Wednesday, February 07, 2007

Blind Eye 

We meet for Swish in a church hall in Maylands. On Saturday a woman came to the door and was offered a glass of water. When she didn't leave as asked, she was told again to go and one of the group went to call the police. I didn't see her and could only hear the requests for her to leave as I made a cup of tea in the kitchen. I felt bad that on such a hot day she had to leave. I know that the security of the hall is our responsibility while we are there, and that we need to protect ourselves and our own property. We have to make decisions.

On Tuesday I arrived at cricket practice late and nipped up to the changerooms to find them locked. I went to the drink fountain to wash nectarine juice from my hands, and remembered the second entrance to the rooms. It comes off a recess behind the canteen, which might have done as an alternative place to change. As I stepped up to the dim gap, I noticed some bags, or rubbish, on the concrete floor - not bags, but a man. Maybe. A decent-sized man. Was he asleep, or drugged or sick? Was he dead? Or alright?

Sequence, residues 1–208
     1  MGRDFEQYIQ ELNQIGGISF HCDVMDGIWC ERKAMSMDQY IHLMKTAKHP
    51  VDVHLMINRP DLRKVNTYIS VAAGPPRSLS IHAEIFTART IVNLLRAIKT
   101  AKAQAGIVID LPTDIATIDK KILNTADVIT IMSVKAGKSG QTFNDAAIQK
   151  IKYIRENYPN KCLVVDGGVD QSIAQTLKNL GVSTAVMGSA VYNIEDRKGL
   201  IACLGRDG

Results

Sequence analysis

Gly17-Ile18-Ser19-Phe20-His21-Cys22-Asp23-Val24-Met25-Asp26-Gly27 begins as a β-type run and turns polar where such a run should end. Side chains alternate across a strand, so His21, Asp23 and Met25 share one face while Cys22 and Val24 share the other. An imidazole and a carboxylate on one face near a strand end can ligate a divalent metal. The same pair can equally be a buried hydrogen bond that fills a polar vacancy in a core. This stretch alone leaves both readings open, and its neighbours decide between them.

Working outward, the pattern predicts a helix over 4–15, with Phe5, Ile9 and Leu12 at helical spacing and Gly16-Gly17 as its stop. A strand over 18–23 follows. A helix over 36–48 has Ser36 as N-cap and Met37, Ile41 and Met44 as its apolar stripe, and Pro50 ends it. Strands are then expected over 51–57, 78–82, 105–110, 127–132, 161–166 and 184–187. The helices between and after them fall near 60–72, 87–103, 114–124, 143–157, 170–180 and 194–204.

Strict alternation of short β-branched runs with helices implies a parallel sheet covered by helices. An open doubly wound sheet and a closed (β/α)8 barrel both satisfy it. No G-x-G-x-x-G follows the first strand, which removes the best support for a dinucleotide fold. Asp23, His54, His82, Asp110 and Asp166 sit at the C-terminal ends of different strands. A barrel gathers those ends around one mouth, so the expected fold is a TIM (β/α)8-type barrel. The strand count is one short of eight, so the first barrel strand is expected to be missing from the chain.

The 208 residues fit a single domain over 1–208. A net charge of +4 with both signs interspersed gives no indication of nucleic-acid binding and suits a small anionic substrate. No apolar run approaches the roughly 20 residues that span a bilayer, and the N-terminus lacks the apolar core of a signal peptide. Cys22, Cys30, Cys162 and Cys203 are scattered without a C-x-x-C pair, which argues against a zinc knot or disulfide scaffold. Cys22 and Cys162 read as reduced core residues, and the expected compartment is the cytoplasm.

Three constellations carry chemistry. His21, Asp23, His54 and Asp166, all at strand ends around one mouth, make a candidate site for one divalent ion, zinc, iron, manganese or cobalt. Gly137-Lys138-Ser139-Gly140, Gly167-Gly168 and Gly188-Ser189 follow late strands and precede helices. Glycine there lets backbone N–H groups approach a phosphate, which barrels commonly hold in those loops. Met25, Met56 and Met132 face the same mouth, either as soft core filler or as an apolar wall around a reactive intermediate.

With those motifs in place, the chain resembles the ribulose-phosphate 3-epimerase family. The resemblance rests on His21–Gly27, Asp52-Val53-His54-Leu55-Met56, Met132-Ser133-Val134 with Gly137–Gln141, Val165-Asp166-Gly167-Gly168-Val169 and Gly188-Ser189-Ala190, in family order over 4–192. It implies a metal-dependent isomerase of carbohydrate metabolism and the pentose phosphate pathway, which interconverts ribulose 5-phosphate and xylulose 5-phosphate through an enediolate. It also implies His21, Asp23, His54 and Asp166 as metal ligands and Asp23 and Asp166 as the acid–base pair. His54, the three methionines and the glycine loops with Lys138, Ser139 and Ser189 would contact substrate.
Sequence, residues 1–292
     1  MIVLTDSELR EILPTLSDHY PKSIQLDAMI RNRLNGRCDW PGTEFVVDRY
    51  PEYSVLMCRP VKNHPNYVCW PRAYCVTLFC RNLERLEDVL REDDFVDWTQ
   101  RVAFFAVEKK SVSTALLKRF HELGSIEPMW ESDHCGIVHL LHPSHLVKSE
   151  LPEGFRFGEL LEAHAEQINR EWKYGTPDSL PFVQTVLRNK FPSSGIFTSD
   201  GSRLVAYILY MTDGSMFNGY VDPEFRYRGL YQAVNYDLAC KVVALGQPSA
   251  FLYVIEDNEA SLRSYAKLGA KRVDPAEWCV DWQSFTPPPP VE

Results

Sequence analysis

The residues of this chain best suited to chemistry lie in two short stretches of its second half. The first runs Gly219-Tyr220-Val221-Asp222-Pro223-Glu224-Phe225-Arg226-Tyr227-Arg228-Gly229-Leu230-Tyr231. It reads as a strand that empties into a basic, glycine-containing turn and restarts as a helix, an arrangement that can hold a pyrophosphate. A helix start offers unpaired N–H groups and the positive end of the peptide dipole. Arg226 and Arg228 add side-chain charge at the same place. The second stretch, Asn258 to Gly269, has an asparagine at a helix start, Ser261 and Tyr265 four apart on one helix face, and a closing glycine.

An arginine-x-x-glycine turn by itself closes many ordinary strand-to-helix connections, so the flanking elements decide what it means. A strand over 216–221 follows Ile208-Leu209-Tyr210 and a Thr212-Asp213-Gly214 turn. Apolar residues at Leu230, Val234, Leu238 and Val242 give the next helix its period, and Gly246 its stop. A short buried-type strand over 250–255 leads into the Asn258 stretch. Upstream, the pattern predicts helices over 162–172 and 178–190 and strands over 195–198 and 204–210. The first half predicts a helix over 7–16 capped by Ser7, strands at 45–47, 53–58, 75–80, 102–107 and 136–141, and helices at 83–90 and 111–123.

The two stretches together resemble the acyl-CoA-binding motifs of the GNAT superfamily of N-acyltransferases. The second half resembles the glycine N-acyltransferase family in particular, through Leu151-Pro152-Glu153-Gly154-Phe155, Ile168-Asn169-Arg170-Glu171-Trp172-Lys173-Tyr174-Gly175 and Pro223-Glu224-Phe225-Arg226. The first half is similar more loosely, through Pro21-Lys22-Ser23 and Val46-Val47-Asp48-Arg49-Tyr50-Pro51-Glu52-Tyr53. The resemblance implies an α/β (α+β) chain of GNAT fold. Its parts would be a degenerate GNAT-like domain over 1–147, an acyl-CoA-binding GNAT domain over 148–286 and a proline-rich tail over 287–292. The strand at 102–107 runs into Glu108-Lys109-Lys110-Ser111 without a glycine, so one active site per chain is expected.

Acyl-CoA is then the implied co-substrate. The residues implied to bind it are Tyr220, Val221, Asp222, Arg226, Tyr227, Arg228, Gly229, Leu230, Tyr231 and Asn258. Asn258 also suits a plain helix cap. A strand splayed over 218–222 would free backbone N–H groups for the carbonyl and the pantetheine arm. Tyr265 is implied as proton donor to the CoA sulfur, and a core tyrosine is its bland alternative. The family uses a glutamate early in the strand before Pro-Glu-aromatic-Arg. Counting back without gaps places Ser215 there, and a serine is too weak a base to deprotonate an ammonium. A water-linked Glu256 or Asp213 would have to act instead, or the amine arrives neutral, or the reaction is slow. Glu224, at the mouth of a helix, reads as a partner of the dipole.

I had smiled at the half-imagined human, and looked away so as not to intrude. I didn't feel comfortable checking out the situation further - not just because I didn't want to intrude but because I couldn't get close enough to see without getting close enough to be grabbed.

Instead, I walked around to the public toilets at the back of the change rooms. I didn't want to enter, or touch anything, even though they are light. Partly visible from the street, I stood behind the brick wall at the entrance and changed from work clothes into shorts and a t-shirt, taking off my boots, sighing and swearing gently under my breath, looking for sharps amongst the few dry twigs, and slipping into my sneakers.

Then I left for the oval to play cricket.

I'm surprised at how I didn't fret about the man at the changeroom door. None of my business. I looked after me first. I didn't freak out and I didn't look back. And maybe he was rubbish after all.

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Tough story, Deanne!
Hi Iris! Thanks for reading my tough story! Hope you're well. :-) Dee
Deanne, thanks, I´m ok :-)
And I´m finally done with the Perth-pics. So, if you wanna see what I thought was worth being photographed in your town, look here :-)
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